I am very excited to experiment with different glazes on these pieces. I will keep you posted on the development of these pieces and hopefully I’ll be posting some images of them finished soon!
I just recently took the plunge and had my work professionally photographed by the lovely Jessica Lin. I won’t lie, the weeks leading up to the shoot were stressful. I didn’t have several pieces of my collection in stock so there was a mini rush to make sure everything was made for the big day.
Needless to say, the car was packed to the brim when I pulled up to the photography studio. It took some time to get five large boxes, four small boxes and several large pieces unloaded from the car.
Once in the studio, everything ran so smoothly that I couldn’t believe I hadn’t made this decision sooner.
In the past, photographing my own work was a long agonizing experience that resulted in passable images. I am not a photographer and have had very little professional training on how to photograph ceramics properly; so a photo shoot on my own usually involved being more concerned about lighting and camera settings than about my work.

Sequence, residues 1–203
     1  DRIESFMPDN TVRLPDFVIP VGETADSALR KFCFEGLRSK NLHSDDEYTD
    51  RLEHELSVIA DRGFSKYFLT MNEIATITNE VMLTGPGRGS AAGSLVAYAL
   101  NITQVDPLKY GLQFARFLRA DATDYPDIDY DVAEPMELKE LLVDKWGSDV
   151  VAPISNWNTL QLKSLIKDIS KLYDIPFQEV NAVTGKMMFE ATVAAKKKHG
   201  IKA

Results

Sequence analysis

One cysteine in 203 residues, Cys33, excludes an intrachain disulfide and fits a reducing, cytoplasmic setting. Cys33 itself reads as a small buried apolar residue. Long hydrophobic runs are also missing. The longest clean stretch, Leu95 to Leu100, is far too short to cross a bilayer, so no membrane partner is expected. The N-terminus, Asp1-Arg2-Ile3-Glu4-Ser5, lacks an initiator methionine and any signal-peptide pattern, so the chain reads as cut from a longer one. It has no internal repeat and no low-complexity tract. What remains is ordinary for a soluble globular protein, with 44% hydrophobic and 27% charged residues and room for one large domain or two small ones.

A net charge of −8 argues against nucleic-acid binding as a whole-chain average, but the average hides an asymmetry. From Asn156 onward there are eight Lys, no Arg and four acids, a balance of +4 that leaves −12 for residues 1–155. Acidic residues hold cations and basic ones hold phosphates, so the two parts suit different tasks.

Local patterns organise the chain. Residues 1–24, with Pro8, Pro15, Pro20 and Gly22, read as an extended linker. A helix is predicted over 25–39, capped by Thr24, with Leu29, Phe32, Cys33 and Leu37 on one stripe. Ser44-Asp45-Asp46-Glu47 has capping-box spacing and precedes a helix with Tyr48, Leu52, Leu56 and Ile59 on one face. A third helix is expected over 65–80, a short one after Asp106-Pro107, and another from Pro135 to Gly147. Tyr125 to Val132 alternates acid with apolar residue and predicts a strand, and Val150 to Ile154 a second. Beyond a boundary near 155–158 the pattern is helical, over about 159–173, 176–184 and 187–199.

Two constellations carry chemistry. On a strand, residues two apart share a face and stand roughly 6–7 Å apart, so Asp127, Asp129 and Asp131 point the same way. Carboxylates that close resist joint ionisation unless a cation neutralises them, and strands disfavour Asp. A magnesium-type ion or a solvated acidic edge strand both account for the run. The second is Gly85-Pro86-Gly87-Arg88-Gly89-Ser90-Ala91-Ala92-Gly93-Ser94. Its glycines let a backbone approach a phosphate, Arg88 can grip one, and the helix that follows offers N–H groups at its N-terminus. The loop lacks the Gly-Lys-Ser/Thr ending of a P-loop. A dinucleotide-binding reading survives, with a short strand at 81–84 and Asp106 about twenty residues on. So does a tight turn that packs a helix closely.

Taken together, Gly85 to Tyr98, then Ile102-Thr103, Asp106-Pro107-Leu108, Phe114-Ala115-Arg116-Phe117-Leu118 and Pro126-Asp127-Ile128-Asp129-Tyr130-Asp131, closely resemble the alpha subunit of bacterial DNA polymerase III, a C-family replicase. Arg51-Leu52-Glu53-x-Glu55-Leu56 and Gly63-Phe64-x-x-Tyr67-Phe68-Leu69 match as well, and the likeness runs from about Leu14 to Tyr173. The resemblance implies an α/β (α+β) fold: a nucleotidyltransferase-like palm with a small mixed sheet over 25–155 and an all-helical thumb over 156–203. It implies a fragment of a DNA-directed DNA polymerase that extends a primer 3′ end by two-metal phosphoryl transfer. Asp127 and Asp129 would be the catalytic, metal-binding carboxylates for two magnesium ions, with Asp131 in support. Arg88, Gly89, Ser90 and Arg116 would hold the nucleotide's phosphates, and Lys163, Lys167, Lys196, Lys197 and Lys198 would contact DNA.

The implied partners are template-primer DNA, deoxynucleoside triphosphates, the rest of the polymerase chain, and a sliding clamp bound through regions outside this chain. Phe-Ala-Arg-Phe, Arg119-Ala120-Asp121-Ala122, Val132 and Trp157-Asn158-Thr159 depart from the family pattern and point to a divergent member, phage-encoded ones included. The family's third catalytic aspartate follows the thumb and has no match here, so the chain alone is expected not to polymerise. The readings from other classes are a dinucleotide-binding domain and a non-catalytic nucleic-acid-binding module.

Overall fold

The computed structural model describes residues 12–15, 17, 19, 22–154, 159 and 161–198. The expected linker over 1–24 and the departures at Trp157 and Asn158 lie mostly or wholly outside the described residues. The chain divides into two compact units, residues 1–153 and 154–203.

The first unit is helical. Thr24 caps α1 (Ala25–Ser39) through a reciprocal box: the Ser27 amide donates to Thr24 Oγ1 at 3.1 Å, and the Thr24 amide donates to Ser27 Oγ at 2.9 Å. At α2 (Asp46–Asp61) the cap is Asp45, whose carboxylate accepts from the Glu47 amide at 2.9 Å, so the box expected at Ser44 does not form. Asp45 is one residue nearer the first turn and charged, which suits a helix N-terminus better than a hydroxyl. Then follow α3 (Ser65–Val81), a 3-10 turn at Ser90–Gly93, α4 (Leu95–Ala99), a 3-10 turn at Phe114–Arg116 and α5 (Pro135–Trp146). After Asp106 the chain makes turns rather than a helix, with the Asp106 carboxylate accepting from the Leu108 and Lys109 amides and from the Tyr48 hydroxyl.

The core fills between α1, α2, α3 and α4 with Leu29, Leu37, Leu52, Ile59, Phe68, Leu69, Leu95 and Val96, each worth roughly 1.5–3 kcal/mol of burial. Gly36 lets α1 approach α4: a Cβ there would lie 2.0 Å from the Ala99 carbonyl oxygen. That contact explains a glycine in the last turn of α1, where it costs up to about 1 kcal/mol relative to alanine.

Working with a professional photographer however changed the experience from a dreadful one to a pleasant and enjoyable time. I was able to focus on the composition and grouping of my work rather than focusing on the technical end of things. Jessica took care of the lighting, background and camera as well as giving me some much welcome suggestions and opinions on composition and the angle of certain shots. We had previously discussed what kind of photos I wanted and how I wanted to portray my work and business; so I found her input invaluable to me through this whole process.
I am so happy with the results, I am actually looking forward to the next time I have to shoot new work instead of dreading it.
Reclaiming scraps of clay that accumulate in the studio is always a long and tedious battle. I seem to constantly have two large 5 liter buckets full of scrap porcelain clay no matter how many times I reclaim clay throughout the year.
Its especially difficult at the moment because I am finishing up a dinner set order and plates are one of the worst pieces for creating scrap clay.
How to Reclaim clay: